- Interest rate risk can arise for investors holding fixed-income instruments or stock market investments that are sensitive to interest rate fluctuations.
- Firms holding debt with a floating interest rate can suffer losses when interest rates rise, leaving investors with significant losses.
- Investment tools such as interest rate derivates and floating rate instruments can rescue investors when an interest rate rise is expected.
Investors often turn to bonds and bond funds to diversify their portfolio or simply hold fixed-income assets. Often perceived as risk-free investments, bonds are susceptible to a set of risks, one of which is interest rate risk.
Simply put, interest rate risk is the exposure of firms to changing interest rates and is a risk that even companies are vulnerable to. It can adversely impact the revenue of the firms, further causing a setback to their stock market performance. Firms holding debt with a floating interest rate (such as LIBOR) can be in a serious turmoil if the rate increases.
Conversely, interest rate reductions can spur activity in sectors such as construction and automobile manufacturing due to increased credit-based demand. However, an increase in the rate can pose a challenge for these sectors, causing a drop in the investors’ portfolio returns.
Thus, interest rate risk can present itself in various forms for investors, making it necessary for them to manage the risk.
Here are a few ways in which interest rate risk can be minimised:
Shifting to shorter-duration investments
Short-term investments are a viable option that investors can explore when they expect interest rates to rise. Selling investments that are long-term and, thus, more open to interest rate risk should be the first order of business for investors. Due to the inverse relationship of bond prices with yield, when interest rates rise, bonds tend to lose their value. Thus, investors can protect themselves from increased losses by selling their long-term investments and instead choosing shorter-term investments.
Switching from long-term investments to those with a shorter maturity can considerably reduce the risk faced by investors as these investments face lesser disturbance due to interest rate volatility.
Hedging through various derivatives
Hedging for an investor involves taking an opposite position in related assets, which in this case are interest rate derivatives, to offset the losses from existing investments. These derivatives include forward rate agreements, swaps, futures, and forwards.
In interest rate swaps, two parties mutually swap the interest rates that are attached to a liability. Typically, parties swap a floating interest rate for a fixed one or the other way around. Both parties enter the agreement with the aim to mutually benefit from the swap. Swaps are like Forward Rate Agreements, in which interest rates are forwarded among parties.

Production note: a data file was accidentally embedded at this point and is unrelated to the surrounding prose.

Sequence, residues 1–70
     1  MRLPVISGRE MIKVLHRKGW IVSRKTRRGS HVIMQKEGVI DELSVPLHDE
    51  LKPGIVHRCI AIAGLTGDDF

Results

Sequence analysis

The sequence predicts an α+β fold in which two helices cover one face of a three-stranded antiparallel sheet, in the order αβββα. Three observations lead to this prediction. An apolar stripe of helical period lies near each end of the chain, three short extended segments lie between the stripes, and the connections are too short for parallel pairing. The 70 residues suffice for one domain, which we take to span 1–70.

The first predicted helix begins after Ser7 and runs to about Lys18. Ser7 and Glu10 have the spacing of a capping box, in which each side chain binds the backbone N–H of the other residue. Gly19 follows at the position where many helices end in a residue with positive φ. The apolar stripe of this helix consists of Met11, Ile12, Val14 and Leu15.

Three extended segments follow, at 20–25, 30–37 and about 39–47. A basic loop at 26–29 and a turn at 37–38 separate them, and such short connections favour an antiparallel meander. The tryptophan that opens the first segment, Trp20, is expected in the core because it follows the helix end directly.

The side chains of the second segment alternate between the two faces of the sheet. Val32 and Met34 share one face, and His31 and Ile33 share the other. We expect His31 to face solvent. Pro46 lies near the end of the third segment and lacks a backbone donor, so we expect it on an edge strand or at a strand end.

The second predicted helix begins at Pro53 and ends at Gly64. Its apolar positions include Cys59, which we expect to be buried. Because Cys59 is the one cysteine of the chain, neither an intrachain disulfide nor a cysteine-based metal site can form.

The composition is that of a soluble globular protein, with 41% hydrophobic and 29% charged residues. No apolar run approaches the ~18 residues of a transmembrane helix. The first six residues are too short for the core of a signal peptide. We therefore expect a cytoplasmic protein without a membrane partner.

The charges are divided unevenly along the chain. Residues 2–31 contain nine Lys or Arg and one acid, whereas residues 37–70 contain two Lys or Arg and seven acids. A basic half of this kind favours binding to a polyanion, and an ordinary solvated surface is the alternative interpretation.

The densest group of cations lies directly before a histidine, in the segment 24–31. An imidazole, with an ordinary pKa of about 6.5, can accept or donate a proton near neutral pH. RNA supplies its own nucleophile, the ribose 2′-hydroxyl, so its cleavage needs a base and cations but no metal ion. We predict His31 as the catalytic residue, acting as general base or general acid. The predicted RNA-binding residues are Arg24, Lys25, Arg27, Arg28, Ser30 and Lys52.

Additionally, interest rate futures allow the involved parties to decide upon the price if an interest paying asset that is to be exchanged between them in the future. This eradicates interest rate-based fluctuations that the price of the asset goes through.
Floating rate investments for when rates rise
A good method to redeem the losses caused by interest rate fluctuations is to invest in floating rate investments when interest rates are rising. Floating rate investments would generally offer higher returns in the specific scenario when rates are rising. Alternatively, if investors expect a drop in rates owing to upcoming policy changes or related factors, then they can sell their floating rate investments to avoid potential losses.
Additionally, investors can explore high yield bonds when rates are rising. These bonds are also referred to as “junk bonds” and are deemed as risky investments because they are generally issued by companies with a lower credit rating. Thus, the higher risk is compensated for by the above-average yield offered on these bonds.
Diversification of portfolio
Diversification allows investors to hedge against interest rate losses by investing in assets or securities that may indirectly benefit from interest rate fluctuations. For instance, a bond holder can obtain higher returns from equities when interest rates are rising by simply investing in those equities that benefit from rising interest rates, such as banking and insurance stocks.
Additionally, diversifying one’s portfolio with commodities when interest rates are on the rise is also a good approach to hedging. These unrelated assets can help the investor gauge higher returns from that part of the market that benefits from changes in the interest rates. Generally, precious metals tend to perform well when interest rates rise. Thus, investors can hold these additional securities in their portfolio to hedge against losses.
All in all, a balanced portfolio along with the financial prowess of the investor can protect him/her even in the face of adversity. Investment tools such as interest rate derivates and floating rate instruments can rescue investors when an interest rate rise is expected. However, investors must carefully investigate these tools and develop sound knowledge about the risks surrounding them before going for a new investment.